On (re-)learning to type

I’ve been using a QWERTY keyboard more or less daily for decades, but I didn’t get serious about typing well until March. (Re-)learning this basic skill has led me to reflect on the process of learning itself, and the importance of admitting and remedying gaps in my knowledge and abilities, however basic or embarrassing they might seem. I’ve come to locate a truer embarrassment in letting ego or fear hold us back from confronting and overcoming our own ignorance.

I came to practice typing technique when I realized just how poor my abilities were this year. Learning to program showed me just how much of an impediment my idiosyncratic technique was to my ability to write and edit text quickly and accurately. Technical deficiencies that hadn’t noticeably held me back from years of writing became painfully obvious in the face of unfamiliar character sequences and combinations. Just as an example, I think I needed to type several years worth of {}s, =s, and #s in the first few weeks of programming basics alone. As I write and revise this now in VIM, I remember just how awkward the command combinations felt when at first. The time had come to finally learn proper typing technique.

This deficiency was totally my responsibility. As I child, I was lucky enough to be encouraged, and even required, to learn and practice proper typing technique, but, at that time, I just didn’t put in the effort to master the skill and keep it up. As a student in high school, college, and even graduate school, I never reached a point where I needed to have better technique than I already did. I became faster and more accurate haphazardly, in unstable and contextually-dependent patterns. It now would be my responsibility to retrace my steps, go back to the basics, and get it right.

I started working through the lessons on typingweb.com from the very beginning, cycling back through the beginning and intermediate sections over and over. To paraphrase Master Yoda, I had to unlearn what I had learned. I slowed down significantly before I started speeding up. By the end of March, I had started to plateau around 65 words per minute with 98-99% accuracy. Since then, progress has been been steady but slower, and each small improvement has taken more work to realize. I am now working towards bridging the gap between 75 and 80 wpm, with the goal of breaking the 80 wpm barrier. I can feel the muscle memory building. I catch my fingers moving to the keys far faster than I track them as a conscious mental process. I can feel the movements becoming natural.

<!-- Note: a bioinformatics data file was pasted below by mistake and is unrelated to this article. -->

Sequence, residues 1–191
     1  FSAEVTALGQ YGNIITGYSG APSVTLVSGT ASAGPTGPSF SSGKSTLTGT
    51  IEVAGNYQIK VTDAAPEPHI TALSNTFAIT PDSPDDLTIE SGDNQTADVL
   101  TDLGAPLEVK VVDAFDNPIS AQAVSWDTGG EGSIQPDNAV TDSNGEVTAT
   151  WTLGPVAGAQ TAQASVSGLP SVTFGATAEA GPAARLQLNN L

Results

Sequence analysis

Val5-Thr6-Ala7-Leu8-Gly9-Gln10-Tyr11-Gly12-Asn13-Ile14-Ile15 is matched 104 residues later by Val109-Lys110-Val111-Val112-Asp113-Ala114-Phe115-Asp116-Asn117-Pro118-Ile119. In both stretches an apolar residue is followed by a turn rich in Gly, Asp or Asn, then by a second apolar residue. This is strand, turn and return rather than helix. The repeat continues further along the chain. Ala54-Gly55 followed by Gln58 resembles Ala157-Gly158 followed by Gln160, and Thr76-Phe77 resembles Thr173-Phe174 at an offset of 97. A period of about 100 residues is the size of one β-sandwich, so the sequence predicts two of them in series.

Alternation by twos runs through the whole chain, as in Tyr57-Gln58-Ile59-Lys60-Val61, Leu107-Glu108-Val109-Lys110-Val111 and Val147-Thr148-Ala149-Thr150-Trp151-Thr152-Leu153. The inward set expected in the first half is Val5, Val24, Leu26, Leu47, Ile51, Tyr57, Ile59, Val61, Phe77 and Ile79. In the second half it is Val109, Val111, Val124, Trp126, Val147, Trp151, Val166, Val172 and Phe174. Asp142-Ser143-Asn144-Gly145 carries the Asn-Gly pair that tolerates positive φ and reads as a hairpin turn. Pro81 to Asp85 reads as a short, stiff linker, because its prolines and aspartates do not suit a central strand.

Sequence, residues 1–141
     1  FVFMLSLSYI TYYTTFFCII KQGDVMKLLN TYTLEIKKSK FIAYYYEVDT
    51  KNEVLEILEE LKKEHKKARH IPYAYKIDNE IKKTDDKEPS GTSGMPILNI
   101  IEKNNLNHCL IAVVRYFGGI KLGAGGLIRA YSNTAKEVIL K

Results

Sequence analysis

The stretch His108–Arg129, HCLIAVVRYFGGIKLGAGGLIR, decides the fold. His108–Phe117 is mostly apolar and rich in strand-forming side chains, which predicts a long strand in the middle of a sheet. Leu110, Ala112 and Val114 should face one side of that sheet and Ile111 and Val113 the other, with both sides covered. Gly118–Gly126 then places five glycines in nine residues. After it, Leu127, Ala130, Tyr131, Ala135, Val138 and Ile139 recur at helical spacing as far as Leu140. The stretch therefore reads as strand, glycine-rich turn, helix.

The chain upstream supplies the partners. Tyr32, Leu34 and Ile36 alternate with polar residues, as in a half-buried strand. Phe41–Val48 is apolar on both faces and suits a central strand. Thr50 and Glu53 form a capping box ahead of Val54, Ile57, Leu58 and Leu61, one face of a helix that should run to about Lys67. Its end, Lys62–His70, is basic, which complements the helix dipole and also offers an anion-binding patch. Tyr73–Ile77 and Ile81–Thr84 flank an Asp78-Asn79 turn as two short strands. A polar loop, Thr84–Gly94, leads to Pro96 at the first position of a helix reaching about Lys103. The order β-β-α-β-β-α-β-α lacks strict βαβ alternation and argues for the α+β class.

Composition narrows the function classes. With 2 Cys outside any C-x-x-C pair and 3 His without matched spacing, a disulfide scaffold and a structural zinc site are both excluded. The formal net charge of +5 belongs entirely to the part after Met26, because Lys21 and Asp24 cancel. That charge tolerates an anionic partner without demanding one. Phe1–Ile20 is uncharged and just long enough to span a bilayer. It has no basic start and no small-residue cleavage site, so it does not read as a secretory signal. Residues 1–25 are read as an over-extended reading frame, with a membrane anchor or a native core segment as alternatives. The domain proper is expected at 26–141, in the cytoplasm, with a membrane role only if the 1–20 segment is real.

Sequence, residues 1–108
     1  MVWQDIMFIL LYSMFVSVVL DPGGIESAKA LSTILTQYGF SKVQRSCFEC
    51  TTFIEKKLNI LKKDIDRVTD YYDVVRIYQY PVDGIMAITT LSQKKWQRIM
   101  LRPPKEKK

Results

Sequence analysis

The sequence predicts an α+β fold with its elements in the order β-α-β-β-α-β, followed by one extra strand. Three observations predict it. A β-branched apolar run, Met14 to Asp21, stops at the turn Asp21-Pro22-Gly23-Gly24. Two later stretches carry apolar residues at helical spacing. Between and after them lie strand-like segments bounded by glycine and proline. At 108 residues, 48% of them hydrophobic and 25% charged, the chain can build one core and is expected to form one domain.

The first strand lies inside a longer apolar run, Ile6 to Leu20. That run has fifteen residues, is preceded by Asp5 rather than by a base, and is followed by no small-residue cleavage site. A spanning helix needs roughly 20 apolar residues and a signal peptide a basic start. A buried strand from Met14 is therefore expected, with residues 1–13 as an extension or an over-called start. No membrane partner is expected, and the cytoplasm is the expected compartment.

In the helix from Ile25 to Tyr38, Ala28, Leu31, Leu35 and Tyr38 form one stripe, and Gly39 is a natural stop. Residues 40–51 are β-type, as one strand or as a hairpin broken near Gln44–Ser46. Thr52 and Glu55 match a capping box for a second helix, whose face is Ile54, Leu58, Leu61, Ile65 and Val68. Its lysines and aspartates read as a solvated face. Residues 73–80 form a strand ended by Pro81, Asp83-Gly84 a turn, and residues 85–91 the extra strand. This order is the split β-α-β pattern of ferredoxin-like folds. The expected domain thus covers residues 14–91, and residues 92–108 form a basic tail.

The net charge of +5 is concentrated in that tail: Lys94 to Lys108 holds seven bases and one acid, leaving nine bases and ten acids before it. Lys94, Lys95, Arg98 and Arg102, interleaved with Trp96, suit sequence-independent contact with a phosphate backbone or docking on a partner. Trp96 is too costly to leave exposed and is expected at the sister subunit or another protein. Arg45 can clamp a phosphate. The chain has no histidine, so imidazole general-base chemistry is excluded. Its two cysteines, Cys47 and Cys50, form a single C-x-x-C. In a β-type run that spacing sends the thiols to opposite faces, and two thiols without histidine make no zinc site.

Reflecting on the process and practice it took to reach this point, I’m struck by the wider resonances of this process with my larger project of learning and re-invention. On a small scale–small enough for me to notice and feel it daily–(re-)learning to type has been like learning programming or mathematics over the same period. I’ve needed a similar attitude towards admitting my own deficiencies, going (back) to basics, and frequent practice. In each case, I couldn’t let ego, and/or a fear of exposing my own ignorance, get in the way of learning. I couldn’t allow myself to cover a lack of knowledge with a thin veneer of competence and miss out on the foundations.

In my experience as a researcher, student, and educator, I’ve seen the opposite approach over and over. From time to time, I’ve been tempted to it myself. This approach is the way of the student who, afraid of appearing ignorant, holds back a question, and in so doing, loses the chance to learn. It is the way of the scholar who assumes an analytical concept uncritically, and without really knowing what it means to zir. It is the way of the person who excuses zir inability, however accurately, as the fault of poor teachers or circumstances, and chooses not to act to remedy it later in life. It is also the way of the person who chooses not to learn now because such knowledge would be “kids’ stuff.” These attitudes impede our learning by leading us to perform competence rather than building its underlying substance.

As a student of programming and software development. I don’t want to fall into that trap. I don’t want to fall prey to fears and insecurities and miss out on the chance to learn. I don’t want to skip or b.s. my way through foundational skills, even those as basic as typing well. With experience, I’ve learned to consider it far worse to remain ignorant than admit my deficiencies, however potentially embarrassing, and overcome them.   I’m reminded of this as I type.